Whether it is a teddy bear on a swing or hitching a ride with police, the furry friends on show around Hawke's Bay continue to multiply by the day.
The Going on a Bear Hunt scheme has seen households all around the region place teddy bears in the window to give children a chance to go on a bear hunt when out of the house.
The nationwide initiative, set up by Hamilton-based Annelee Scott, has picked up momentum with hundreds already participating.
Scott, a mother of three, said she set up the scheme to bring some entertainment to the nation's children while dealing with self-isolation.
Jacqui Ingham-Brown said a sense of togetherness was the driver behind her participation in the scheme.
"Our kids will pass onto to their children and grandchildren that we as a community came together in such a unique circumstance," she said.
"It is getting people to have fun while on their little walks around the neighbourhood and I must admit while out walking I have fun looking for the teddies.
Ingham-Brown added: "Some hidden and some in plain sight - it provides fun and reason to get a little exercise in such a surreal experience."
At the start of the alert level 4 lockdown, Prime Minister Jacinda Ardern endorsed the scheme, but reminded the public to still respect the rules.
"They might look for teddy bears in windows but as they pass people, keep your distance, don't talk to others, just stay within your bubble," she said.
"And if you're in Wellington and you're walking in a local neighbourhood, you might see one in my window."
Hastings resident Malee Autor said she followed in the PM's footsteps when deciding to join the fun.
"I copied our Prime Minister and baby Neve's teddy," she said.
"I am a first-time Nan and most of my whanau in Gizzy are all doing it during lockdown, so we joined in."
The Southampton St resident said her teddy bears keep herself and her family "happy and relaxed".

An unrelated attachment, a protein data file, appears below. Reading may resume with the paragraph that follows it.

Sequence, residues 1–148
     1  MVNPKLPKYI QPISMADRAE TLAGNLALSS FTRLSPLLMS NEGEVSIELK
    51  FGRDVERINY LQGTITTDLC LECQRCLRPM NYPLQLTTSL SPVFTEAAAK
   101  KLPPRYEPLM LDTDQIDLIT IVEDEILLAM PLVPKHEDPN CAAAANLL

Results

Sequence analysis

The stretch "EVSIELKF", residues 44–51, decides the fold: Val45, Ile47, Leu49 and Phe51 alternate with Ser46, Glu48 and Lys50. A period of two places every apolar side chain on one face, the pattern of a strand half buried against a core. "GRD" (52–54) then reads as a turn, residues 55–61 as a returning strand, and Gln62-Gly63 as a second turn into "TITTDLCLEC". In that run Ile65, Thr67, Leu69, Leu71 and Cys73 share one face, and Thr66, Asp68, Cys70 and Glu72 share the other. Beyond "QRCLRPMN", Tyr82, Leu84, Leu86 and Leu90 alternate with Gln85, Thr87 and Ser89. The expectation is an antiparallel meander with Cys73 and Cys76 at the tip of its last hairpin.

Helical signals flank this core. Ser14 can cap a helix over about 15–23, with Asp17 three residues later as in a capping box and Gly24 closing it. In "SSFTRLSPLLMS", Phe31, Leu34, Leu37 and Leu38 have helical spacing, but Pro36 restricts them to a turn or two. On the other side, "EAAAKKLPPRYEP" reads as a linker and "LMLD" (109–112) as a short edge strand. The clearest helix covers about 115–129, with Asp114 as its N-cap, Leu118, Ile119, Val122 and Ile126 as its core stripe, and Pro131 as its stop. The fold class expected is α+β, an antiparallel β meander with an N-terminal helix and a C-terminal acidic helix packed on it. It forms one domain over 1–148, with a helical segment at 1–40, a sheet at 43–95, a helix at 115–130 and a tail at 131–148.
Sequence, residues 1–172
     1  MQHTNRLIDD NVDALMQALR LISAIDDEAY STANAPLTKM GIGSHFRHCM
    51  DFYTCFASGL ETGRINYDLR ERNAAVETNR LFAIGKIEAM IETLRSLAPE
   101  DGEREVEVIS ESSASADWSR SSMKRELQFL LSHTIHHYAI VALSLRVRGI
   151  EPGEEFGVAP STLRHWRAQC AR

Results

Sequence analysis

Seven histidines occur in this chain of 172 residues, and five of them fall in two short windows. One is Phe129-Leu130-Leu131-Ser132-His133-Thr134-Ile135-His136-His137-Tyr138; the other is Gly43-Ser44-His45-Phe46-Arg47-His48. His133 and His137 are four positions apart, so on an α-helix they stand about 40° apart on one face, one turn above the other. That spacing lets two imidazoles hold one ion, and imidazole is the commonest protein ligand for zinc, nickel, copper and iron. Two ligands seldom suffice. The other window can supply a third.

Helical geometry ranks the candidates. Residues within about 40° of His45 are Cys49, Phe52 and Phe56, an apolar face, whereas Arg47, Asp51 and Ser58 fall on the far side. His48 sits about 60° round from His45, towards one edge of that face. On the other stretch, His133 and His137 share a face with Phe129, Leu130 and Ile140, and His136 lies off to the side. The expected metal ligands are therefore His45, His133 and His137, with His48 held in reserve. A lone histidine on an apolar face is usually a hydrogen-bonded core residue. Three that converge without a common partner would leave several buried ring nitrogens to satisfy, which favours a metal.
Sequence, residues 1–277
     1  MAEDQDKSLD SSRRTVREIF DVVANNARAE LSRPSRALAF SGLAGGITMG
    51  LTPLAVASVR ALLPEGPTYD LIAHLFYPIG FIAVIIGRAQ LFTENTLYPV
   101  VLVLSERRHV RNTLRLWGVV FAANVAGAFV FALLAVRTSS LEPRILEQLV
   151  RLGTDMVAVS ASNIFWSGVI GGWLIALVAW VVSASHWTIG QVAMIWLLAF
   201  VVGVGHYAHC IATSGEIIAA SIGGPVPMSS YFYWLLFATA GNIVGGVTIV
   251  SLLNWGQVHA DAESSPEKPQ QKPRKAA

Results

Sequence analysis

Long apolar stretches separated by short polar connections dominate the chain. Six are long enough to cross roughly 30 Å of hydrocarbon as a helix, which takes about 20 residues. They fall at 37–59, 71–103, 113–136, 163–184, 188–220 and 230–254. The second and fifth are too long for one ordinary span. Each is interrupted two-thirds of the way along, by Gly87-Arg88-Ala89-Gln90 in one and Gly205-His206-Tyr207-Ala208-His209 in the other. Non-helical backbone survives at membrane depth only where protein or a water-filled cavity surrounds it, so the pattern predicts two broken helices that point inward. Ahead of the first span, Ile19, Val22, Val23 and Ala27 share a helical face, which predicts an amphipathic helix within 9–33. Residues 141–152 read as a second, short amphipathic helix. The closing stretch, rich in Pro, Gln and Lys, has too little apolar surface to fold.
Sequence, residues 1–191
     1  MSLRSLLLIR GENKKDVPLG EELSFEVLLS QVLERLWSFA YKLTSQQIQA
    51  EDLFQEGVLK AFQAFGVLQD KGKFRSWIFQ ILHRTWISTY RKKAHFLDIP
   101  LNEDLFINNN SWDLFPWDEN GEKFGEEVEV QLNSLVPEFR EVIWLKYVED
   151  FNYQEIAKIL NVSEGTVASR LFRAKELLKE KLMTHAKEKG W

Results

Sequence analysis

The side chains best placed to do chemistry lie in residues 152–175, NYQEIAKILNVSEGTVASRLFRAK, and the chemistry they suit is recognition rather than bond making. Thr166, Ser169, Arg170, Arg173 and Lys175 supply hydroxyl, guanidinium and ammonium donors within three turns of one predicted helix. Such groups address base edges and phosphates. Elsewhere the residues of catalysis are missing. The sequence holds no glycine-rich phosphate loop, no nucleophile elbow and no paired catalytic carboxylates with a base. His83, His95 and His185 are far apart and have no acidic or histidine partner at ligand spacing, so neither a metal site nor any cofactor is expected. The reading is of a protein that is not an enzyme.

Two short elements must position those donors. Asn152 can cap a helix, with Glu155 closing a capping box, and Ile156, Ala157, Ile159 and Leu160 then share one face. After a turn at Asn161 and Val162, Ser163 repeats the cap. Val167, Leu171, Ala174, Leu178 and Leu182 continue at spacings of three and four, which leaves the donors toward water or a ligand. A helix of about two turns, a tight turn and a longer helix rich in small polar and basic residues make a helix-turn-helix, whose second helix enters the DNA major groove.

Hastings father Brian Mcnickle said he and his family joined in with the initiative as a way of showing his children that there was nothing to be afraid of.
"I'm doing it to take my bubble, with the kids, to see more than just our four walls of our home," he said.
"To get exercise and to show the kids that we are not scared, and it is safe to go on a bear hunt."
Mcnickle added: "We have a bear in our window to make other kids smile. We count when going round and last trip counted 105."
Jessica Maxwell has had her teddy bear since she was four, and suggested a search for the eldest bear in Hawke's Bay. She praised the bear window displays.
"This harmless idea is bringing pleasure to kids and their parents as they go about their local neighbourhood," she said.
"My 64-year-old Teddy was spotted by three excited young children and their mum within ten minutes of going on duty.
Maxwell added: "Sadly, a family dog took to him some 50-odd years ago, so he looks a bit the worse for wear but he's loving his new role."
Even Eastern District police have got involved, with their teddy bears, putting teddies in stations, patrol cars, patrol bikes and boats.
In a statement released by police, they said the bears won't be cautioned, breath-tested, fined, diverted or taken into custody – but the teddy bears are now in New Zealand Police's sights.
"Police and their families are joining in with small ones, large ones, old ones, new ones and even some which are police-specific - not even bears at all," police said.
Police also reiterated to make sure you stay in your bubble and don't go too far from home, even when on the bear hunt.